The Coming Of Age Of America’s Prominent Non-Distilling Whiskey Producers

We are in an amazing period of growth in American whiskey, the likes of which we haven’t seen in most people’s lifetime; not even Jimmy Russell’s lifetime. I’m not talking about craft distillers, or expansion of the established distillers. We’re actually seeing new medium and large-size distilleries being built. Since 2010, a dozen have either opened or will be opening soon.

That’s nothing short of seismic. Prior to 2010, the last major whiskey distillery to be built was the restoration of Woodford Reserve. Before that, I believe you have to go back to 1958, and the George Dickel distillery in Tennessee.

Some producers simply pulled the trigger on big plants and talented people, then either charged aggressively ahead or quietly released their product in a thirsty market. Some have embraced new technology, hoping to leapfrog over the competition.

And some, like the three distillers I’m looking at in this piece, built their brand before they built their distillery, selecting stock or setting parameters for production at other distilleries. Now these three – WhistlePig, Michter’s, and Bulleit – are online and producing (the first two for about two years, Bulleit just now), and they’re faced with the job of transitioning from non-distiller producer to bringing their own make to market.

One of Bulleit’s new stills (image via Steve Coomes)


Michter’s president Joe Magliocco says there were three phases in making their whiskey. “We sourced Kentucky rye and bourbon of a style that we really liked. We had nothing to do with the production of this Phase 1 whiskey,” he notes. Phase 2 stepped up to contracting production at a Kentucky distillery to Michter’s full specifications: yeast, mashbill, entry proof, toast/char specs for barrels, etc. Phase 3 is production to those sames specs at their own distillery in Shively, Kentucky; none has been released yet.

Phases 2 and 3 were closely connected. “Before we started to barrel the Phase 3 white dog,” Joe explains, “we made sure that it was on target with our Phase 2 distillate according to two tests: the chemical analysis done on our in-house gas chromatograph and mass spectrometer, and the organoleptic analysis by our trained tasting panel members.”


WhistlePig has had a sometimes rocky path to acceptance, with snarky accusations of deception about the source of their whiskey. They learned their lesson quickly, and dialed up the transparency even more when they opened their distillery in July of 2015, on a farm near Shoreham, Vermont. Their new release, Farmstock Whiskey, clearly says where everything comes from: 20% of their own make 1.5 to 2 year old, 49% 5 year old from Alberta Distillers (finished in WhistlePig’s Vermont oak), and 31% 12 year old MGPI  stock. Admirably open.

Every brand needs an edge, and WhistlePig’s is their Triple Terroir concept: whiskey made from rye grown on their farm, mashed and proofed with water from their well, and aged in barrels made from oaks cut on the farm. “That’s where we’re a world leader,” states founder Raj Bhakta. “I don’t know anyone else in the world that has a triple terroir whiskey product. You can’t out-craft us!”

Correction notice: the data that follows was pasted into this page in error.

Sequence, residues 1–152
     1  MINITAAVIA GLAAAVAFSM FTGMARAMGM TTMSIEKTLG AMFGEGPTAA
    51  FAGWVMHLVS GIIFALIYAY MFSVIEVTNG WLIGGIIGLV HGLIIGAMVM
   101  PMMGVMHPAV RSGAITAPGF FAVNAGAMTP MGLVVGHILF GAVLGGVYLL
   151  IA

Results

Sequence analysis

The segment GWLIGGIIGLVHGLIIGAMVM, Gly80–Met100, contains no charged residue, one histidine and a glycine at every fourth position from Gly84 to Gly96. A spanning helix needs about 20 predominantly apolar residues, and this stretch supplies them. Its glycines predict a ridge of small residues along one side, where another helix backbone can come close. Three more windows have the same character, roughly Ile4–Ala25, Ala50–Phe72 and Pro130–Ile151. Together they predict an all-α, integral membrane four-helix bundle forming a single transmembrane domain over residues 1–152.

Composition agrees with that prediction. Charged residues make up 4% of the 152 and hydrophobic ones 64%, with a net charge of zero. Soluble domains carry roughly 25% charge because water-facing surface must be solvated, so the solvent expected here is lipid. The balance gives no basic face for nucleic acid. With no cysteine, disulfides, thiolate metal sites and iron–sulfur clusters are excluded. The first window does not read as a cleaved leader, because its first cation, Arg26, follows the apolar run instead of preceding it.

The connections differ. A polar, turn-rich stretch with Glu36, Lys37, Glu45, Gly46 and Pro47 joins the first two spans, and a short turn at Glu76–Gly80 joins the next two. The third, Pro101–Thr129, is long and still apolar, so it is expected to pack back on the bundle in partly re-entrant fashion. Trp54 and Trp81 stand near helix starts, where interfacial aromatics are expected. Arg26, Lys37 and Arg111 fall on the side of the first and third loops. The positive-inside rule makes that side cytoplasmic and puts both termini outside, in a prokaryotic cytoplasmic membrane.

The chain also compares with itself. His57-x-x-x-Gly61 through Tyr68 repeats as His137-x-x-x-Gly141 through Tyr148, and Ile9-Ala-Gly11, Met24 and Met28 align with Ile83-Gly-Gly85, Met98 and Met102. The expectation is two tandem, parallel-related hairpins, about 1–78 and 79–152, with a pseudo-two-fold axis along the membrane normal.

Michter's Distillery

At Michter’s, barrels are filled at 103 proof, well below the upper limit of 125. (image via Steve Coomes)

Bhakta also says that they “absolutely” intend to continue with the core “deep aged” 10, 12, and 15 year old sourced WhistlePig whiskeys. “We’re not going to mess around with a successful product,” he assures me.


And Bulleit? Diageo built the brand from nothing to a nationally familiar and respected brand without a distillery (recently using the old Stitzel-Weller distillery as a brand ‘home’ for Bulleit), and finally built the new facility about an hour east of Louisville, where there’s room to grow in the future.

Pauline Rooney, vice-president of distilling for Diageo NA, has this to say about the transition from bought-in whiskey to own-make. “As we transition to whiskey distilled at the Bulleit Distilling Co., we will be mingling our inventories such that the quality of Bulleit remains consistent. We’ll use the inventories we have when they’re ready. We’re incredibly confident in our supply plans and expect Bulleit sales to continue to increase for years to come, based on the tremendous growth we’ve experienced recently. The new distillery will help us to meet this growing demand.”

That brings up the other side of this phenomenon: what does it mean for the industry, and will there be demand to meet this new supply? Raj Bhakta was characteristically bold. “We have made a big bet that people are going to continue to be interested in trying the best whiskeys. We’re all in.

“I do think it’s very possible that there is going to be a shakeout in the middle of the field,” he adds, noting that Michter’s and Bulleit, like WhistlePig, are solidly established brands.

“We believe that the growth prospects for Michter’s are very good,” Joe Magliocco agrees. He sees potential for the greater American whiskey industry, for “continued strong growth both domestically and abroad, where bourbon’s market share is small relative to some other types of spirits.”

Big bets, big dreams, big distilleries. That’s the state of the American whiskey industry, summed up by three bottlers who have gone all in to become makers.


Lew Bryson

Lew Bryson has been writing about beer and spirits full-time since 1995. He was the managing editor of Whisky Advocate from 1996 through 2015, writing a regular column on American whiskey, reviewing craft, Canadian, and American whiskeys, and a frequent feature writer. Bryson is the author of Tasting Whiskey (Storey...